Thread Safety and Locking

September 28th, 2008 by Xerxes Leave a reply »

I was recently reading a post about writing non-threadsafe code which talks about the main peril of multi-threading, and one way you can work around it.

I’ve long been a believer that doing anything multi-threaded is fraught with danger and you have to tread incredibly carefully when doing so. I say this with experience. What I learnt from reading that post wasn’t in the content, but in the comments, which talked about the Interlocked class for performing simple, thread-safe increments and decrements of operators.

So i decided to try it and see what the benefit really is, and i was surprised by by the results! I did my own profile against 3 scenarios:

  1. No thread safety (fast comparitively, though gave incorrect results)
  2. Locking using “lock” keyword (correct, but very slow by magnitude of nearly 10x)
  3. Locking using Interlocked class (correct, and fast – faster than no thread safety in some test runs)

Clearly these results aren’t scientific, but are quite good to give relative indicators of performance. I’ve reproduced the code below.


using System;
using System.Diagnostics;
using System.Threading;
using NUnit.Framework;

namespace ThreadingExample
{
	public interface IThreadTest
	{
		int Value { get; }
		void Debit();
		void Credit();
	}

	public class NonThreadSafe : IThreadTest
	{
		public int Value { get; private set; }

		public void Debit()
		{
			Value--;
		}

		public void Credit()
		{
			Value++;
		}
	}

	public class ThreadSafe : IThreadTest
	{
		public int Value { get; private set; }

		object lockSentinel = new object();

		public void Debit()
		{
			lock (lockSentinel)
			{
				Value--;
			}
		}

		public void Credit()
		{
			lock (lockSentinel)
			{
				Value++;
			}
		}
	}

	public class ThreadSafeUsingInterlocking : IThreadTest
	{
		private int value;
		public int Value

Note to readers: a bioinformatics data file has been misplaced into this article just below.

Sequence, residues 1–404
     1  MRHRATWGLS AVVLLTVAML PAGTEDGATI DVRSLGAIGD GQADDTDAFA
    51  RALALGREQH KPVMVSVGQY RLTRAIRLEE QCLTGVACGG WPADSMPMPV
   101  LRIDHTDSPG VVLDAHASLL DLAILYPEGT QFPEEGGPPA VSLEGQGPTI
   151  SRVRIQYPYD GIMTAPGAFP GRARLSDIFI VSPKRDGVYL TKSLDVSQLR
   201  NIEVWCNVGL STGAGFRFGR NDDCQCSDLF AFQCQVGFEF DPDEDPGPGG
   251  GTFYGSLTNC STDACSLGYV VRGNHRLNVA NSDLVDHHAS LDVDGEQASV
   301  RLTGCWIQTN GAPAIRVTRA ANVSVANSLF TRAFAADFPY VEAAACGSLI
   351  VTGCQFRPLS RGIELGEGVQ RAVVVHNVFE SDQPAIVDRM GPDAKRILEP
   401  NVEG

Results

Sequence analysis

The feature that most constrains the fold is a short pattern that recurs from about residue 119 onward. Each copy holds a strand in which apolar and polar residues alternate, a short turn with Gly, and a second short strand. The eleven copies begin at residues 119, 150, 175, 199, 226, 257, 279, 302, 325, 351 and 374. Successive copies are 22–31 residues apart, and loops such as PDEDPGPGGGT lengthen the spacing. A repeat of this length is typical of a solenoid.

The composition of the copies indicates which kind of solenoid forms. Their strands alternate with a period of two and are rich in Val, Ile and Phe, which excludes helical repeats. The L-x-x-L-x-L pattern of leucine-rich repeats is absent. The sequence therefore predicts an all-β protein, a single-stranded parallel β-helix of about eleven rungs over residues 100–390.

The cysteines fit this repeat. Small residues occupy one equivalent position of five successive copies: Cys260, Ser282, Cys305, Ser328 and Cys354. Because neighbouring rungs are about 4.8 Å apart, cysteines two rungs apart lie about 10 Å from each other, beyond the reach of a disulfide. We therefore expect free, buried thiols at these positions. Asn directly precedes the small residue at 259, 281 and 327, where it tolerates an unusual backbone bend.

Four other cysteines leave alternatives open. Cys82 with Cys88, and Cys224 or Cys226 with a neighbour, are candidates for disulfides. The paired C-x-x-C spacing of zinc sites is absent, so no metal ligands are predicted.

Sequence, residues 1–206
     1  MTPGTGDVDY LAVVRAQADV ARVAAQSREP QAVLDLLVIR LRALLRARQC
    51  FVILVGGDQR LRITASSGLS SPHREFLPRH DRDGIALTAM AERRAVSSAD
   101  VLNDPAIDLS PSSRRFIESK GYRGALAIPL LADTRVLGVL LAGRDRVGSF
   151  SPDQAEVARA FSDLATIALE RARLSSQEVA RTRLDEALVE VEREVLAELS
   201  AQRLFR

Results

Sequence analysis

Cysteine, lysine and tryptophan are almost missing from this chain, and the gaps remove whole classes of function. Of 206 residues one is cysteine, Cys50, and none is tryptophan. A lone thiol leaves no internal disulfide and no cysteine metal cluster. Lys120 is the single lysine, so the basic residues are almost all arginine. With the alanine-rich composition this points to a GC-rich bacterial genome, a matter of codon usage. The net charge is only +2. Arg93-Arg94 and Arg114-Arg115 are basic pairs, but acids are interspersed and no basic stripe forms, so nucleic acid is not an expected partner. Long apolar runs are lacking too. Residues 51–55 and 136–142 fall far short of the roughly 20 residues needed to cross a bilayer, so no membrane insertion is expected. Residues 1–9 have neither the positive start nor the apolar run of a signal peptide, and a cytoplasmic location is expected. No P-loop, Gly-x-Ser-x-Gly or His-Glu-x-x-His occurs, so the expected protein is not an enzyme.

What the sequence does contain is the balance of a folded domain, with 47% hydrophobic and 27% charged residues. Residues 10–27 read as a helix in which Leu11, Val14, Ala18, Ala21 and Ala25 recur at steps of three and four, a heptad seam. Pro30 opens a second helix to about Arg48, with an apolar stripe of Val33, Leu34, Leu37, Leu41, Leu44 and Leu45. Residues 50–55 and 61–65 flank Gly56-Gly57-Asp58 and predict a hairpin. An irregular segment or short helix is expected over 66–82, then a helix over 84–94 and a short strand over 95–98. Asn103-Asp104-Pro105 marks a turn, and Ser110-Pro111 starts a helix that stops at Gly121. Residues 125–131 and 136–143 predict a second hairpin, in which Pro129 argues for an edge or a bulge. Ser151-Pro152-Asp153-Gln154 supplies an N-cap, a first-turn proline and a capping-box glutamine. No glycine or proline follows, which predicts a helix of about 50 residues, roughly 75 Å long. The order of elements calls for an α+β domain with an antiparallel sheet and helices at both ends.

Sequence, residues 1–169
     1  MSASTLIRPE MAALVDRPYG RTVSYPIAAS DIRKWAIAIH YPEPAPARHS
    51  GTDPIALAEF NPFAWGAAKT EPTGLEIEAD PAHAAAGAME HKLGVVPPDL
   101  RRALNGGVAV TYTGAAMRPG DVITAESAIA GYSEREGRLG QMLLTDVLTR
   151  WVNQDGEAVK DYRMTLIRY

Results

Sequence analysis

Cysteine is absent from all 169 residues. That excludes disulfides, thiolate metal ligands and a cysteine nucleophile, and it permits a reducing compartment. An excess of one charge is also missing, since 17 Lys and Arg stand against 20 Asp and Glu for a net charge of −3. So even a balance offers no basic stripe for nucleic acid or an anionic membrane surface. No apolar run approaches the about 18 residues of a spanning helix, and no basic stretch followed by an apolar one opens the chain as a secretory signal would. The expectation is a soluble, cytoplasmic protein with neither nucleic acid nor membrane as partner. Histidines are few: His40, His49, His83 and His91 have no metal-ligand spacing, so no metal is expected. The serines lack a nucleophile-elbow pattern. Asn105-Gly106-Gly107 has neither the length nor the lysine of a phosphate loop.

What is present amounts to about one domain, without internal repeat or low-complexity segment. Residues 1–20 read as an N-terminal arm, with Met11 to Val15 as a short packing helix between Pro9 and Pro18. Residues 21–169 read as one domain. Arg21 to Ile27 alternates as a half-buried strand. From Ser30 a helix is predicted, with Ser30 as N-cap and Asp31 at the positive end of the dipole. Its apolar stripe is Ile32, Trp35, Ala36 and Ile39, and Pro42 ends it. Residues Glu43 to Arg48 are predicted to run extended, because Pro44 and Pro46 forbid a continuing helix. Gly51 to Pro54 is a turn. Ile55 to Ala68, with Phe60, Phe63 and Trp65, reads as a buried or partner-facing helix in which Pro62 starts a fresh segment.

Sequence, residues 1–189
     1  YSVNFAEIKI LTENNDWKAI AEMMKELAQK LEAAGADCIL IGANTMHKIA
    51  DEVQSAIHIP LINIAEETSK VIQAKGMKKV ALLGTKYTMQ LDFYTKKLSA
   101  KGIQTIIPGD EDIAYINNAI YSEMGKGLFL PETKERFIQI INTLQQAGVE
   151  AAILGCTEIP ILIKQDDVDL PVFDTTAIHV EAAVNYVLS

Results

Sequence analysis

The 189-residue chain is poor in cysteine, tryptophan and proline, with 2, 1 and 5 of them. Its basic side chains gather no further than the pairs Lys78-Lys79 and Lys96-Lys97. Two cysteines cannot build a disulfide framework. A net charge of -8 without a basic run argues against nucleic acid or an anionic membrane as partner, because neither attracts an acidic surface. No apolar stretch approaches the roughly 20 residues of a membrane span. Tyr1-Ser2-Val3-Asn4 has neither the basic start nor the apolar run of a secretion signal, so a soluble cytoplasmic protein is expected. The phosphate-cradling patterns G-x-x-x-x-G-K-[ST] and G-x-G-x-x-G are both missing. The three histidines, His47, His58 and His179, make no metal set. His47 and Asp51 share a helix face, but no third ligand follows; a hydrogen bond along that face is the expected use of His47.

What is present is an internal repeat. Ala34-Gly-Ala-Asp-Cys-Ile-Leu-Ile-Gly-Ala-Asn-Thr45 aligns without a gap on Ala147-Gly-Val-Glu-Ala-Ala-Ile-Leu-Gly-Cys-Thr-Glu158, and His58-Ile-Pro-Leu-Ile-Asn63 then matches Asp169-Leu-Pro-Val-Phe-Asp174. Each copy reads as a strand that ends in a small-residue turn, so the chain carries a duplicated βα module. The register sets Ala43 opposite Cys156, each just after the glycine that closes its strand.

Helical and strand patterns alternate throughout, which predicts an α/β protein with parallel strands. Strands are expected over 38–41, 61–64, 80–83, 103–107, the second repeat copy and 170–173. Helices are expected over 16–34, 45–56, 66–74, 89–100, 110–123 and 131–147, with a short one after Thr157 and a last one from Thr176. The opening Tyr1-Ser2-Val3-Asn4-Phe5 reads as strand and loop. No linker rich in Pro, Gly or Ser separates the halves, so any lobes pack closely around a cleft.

{
			get { return value; }
			private set { this.value = value; }
		}

		public void Debit()
		{
			Interlocked.Decrement(ref value);
		}

		public void Credit()
		{
			Interlocked.Increment(ref value);
		}
	}

	[TestFixture]
	public class TestClass
	{
		[Test]
		public void TestNonThreadSafe()
		{
			NonThreadSafe nts = new NonThreadSafe();

			ExecuteThreadedTest(nts);

			Assert.AreEqual(0, nts.Value);
		}

		[Test]
		public void TestThreadSafe()
		{
			ThreadSafe ts = new ThreadSafe();

			ExecuteThreadedTest(ts);

			Assert.AreEqual(0, ts.Value);
		}

		[Test]
		public void TestThreadSafeUsingInterlocking()
		{
			ThreadSafeUsingInterlocking tsui = new ThreadSafeUsingInterlocking();

			ExecuteThreadedTest(tsui);

			Assert.AreEqual(0, tsui.Value);
		}

		private void ExecuteThreadedTest(IThreadTest threadTest)
		{
			int maxIterations = 99999999;
			DateTime start = DateTime.Now;
			Thread t1 = new Thread(() =>
			{
				for (int i = 0; i < maxIterations; i++)
				{
					threadTest.Credit();
				}
			}
			);
			t1.Name = "t1";

			Thread t2 = new Thread(() =>
			{
				for (int i = 0; i < maxIterations; i++)
				{
					threadTest.Debit();
				}
			}
			);
			t2.Name = "t2";

			t1.Start();
			t2.Start();

			t1.Join();
			t2.Join();

			DateTime finish = DateTime.Now;
			Debug.WriteLine(String.Format("Took {0}ms to complete", (finish - start).TotalMilliseconds));
		}
	}
}

Be Sociable, Share!

3 comments

  1. James says:

    You aren’t kidding the results aren’t scientific. You’re accessing a property for the non-interlocked cases, and a variable for the interlocked. That might not make a difference, but it also might, so your conclusion is basically invalid..

  2. Xerxes says:

    @James whilst that’s true, it actually doesn’t make a hoot of difference because it acquires the lock on the sentinel object (this is the part which takes the most time). The differences in the mechanism behind how they increment/decrement is negligible (ie: property vs field).

    If you don’t believe it, try for yourself. Change the ThreadSafe class to access the field directly and you’ll notice a slight increase. The margin between the two however is still polar. So whilst they’re still not scientific, you cant claim they’re invalid on this argument alone.

  3. fedsafidofs says:

    This look interesting,so far.
    If there’s anyone else here, let me know.
    Oh, and yes I’m a real person LOL.

    See ya,